April 29th 2021
How the UK’s new sugar tax will affect you
April 7th 2018 / 0 comment
The sugar tax on soft drinks has now come into effect, but which drinks are affected and is it likely to decrease obesity levels? Here’s the lowdown on the new levies
A sugar tax has been on the cards for what seems years, but it’s finally been put into effect this week, with manufacturers having to pay a levy on the high-sugar drinks that they sell. The UK joins the likes of Mexico, Norway and France who have also introduced similar taxes.
It’s believed that the tax will raise more than £240m in funds, which will be invested in school sports and breakfasts clubs to encourage healthier habits in the young and tackle the growing obesity epidemic. It’s hoped that the tax will help improve children’s oral health too.
How does the new tax work and what does it mean for you? Here are its key takeaways.
The tax is likely to make sugary drinks more expensive
Although applied to manufacturers, the decision of whether the taxes will be passed on to consumers is up to them. Chances are though that they will be and as a result, the prices of the drinks affected will rise. The cost of a 330ml can of Coca-Cola for example has gone up by 8p, a 500ml bottle by 12p and a two-litre bottle by 48p. This could also increase their prices in pubs and restaurants too.
Some drinks will be pricier than others
The taxes applied will depend on the amount of added sugar each beverage has. Drinks with higher levels of sugar in them will be taxed at higher amounts. Those with 8g per 100ml will face a tax rate of 24p per litre. Those with 5-8g of sugar per 100ml will face a tax of 18p per litre.
Not all soft drinks are included
Pure fruit juices and drinks with high levels of milk (75 per cent) are exempt from the tax. The reason given for the former is because they do not carry added sugar and the latter because of their calcium content. The drinks most affected are of the fizzy kind such as Pepsi, Red Bull, 7Up and Coca-Cola.
Will it work?
The sugar tax seems a positive step in the right direction for helping households reduce their sugar intake. Some big brands have already reduced the amount of sugar in their products ahead of it taking effect (hitting the worst culprits in their wallets appears to be a somewhat effective approach). The likes of Lucozade, Ribena and Irn-Bru have changed their recipes so that they fall outside of the taxable thresholds. However Pepsi and Coca-Cola are yet to follow suit, containing 11g and 10.6g of sugar per 100ml respectively.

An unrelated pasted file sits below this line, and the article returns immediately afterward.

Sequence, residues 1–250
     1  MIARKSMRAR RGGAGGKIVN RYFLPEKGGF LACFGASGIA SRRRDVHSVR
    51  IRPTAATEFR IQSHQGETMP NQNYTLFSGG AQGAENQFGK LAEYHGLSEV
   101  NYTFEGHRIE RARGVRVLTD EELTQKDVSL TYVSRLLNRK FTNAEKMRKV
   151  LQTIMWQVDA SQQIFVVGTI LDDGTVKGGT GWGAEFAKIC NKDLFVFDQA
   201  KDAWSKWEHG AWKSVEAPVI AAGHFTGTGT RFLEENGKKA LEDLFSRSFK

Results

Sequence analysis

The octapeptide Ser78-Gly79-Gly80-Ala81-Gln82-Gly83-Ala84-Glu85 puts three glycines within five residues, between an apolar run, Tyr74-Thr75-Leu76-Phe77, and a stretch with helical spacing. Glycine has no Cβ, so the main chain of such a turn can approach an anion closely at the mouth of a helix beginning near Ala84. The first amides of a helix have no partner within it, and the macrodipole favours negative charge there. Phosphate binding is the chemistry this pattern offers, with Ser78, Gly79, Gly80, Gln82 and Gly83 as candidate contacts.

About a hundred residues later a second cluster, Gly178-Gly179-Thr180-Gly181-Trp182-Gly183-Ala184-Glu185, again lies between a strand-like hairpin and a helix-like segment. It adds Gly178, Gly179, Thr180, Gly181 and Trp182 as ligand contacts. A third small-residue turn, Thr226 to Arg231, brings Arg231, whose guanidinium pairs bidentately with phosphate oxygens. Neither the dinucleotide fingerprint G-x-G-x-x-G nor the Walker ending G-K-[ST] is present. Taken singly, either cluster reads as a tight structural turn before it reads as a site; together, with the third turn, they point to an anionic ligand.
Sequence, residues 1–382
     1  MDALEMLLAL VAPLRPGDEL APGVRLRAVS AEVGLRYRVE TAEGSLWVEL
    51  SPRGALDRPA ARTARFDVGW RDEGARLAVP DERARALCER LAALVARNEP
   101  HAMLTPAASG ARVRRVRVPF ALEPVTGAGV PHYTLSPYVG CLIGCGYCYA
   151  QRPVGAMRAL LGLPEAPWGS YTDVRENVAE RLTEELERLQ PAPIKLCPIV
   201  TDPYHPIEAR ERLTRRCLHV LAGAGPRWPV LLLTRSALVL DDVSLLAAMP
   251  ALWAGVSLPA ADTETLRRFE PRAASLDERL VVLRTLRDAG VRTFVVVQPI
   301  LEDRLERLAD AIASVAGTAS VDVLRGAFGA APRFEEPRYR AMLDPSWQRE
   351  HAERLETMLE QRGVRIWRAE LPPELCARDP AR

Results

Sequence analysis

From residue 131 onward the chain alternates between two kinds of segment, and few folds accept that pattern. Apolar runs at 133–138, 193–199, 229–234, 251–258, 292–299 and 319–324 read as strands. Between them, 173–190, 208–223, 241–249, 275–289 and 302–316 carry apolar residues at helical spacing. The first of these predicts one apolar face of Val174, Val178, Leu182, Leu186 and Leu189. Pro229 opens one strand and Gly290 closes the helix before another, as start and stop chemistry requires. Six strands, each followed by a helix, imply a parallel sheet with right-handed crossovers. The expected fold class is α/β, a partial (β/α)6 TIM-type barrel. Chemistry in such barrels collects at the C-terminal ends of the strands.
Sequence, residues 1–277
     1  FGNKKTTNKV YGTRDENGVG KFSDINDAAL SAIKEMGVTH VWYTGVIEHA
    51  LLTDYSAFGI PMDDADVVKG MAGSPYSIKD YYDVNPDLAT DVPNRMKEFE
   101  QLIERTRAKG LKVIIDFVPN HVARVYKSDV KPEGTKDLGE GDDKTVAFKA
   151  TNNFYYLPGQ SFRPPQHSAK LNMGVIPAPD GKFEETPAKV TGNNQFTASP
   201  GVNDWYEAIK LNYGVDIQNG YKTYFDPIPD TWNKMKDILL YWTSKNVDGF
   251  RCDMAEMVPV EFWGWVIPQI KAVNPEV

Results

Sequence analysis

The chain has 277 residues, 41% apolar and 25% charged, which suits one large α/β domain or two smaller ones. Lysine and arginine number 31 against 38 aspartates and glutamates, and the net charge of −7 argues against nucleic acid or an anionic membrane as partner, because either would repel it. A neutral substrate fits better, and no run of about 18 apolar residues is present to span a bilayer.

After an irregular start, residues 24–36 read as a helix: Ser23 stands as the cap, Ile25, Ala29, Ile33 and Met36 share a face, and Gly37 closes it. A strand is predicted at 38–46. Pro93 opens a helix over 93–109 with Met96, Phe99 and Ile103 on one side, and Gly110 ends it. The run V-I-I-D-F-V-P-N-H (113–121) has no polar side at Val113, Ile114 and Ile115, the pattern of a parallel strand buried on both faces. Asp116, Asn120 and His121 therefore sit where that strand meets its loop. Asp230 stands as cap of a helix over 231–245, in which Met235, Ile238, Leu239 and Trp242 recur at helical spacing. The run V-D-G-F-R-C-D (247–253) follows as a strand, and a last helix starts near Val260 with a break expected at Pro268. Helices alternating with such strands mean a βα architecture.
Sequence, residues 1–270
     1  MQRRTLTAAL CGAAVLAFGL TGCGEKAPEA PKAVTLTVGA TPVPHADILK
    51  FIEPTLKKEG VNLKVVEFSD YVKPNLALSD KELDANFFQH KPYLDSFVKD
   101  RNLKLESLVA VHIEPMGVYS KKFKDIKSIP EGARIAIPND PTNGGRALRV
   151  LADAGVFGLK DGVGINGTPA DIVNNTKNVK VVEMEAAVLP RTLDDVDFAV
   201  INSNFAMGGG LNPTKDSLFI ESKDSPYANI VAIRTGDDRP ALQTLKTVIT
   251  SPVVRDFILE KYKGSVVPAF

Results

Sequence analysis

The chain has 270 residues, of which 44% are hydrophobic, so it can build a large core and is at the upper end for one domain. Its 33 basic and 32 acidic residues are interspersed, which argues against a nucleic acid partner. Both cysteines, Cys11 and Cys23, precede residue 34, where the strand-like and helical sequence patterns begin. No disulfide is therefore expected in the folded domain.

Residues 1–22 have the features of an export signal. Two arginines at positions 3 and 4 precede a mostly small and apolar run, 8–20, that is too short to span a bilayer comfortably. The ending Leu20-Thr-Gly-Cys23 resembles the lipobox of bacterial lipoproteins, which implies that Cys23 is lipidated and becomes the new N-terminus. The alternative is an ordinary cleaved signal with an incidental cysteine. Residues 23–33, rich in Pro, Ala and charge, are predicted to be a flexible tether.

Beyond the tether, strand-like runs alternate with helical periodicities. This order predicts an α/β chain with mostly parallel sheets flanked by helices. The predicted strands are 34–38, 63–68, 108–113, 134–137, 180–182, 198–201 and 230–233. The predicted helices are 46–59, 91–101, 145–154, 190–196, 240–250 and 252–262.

Some people have said that it’s too soon to judge its impact. It’s also worth noting that drinks like Coca-Cola Zero Sugar and Diet Coke wouldn’t be affected by the levy. However, due to their high levels of artificial sweeteners and additives, they’re not necessarily always the ‘healthier’ option. And shouldn’t be viewed as such under the new regulations. There’s also intriguing research to suggest that carbonated drinks can lead to spikes in appetite, leading us to seek out extra calories from elsewhere. And while pure fruit juices don’t fall under the new rules either, they do contain high levels of sugar and fruit acids which can still be detrimental to dental health if guzzled down.
Sceptics are also unsure as to whether making sugary drinks more expensive will make a sizeable reduction to the number of consumers buying them. According to a 2,000 person survey conducted by Mintel for example, just under half stated that taxing unhealthy products would encourage them to reduce their intake. However, three-quarters said that they were more likely to revise their shopping habits if they were presented with more easily digestible nutritional information by contrast.
That being said though, Mexico, who rolled out similar rules in 2014, saw a 12 per cent decrease in sugary drink consumption a year after it was introduced, with the biggest reductions seen in poorer households. More time is needed though to see if it’s made a similarly large dent in obesity levels.
The reasons behind the obesity crisis are wide-ranging. From stress to the prevalence of sedentary lifestyles and high sugar foods, there are several pieces to solving this particularly complex puzzle. Hopefully some of the funds will also be put into education too to help instil healthy habits in the young from an early age. However, considering that manufacturers are already starting to implement changes, it appears to be an encouraging first step. Only time will tell if it makes a long-lasting impact on the nation’s health.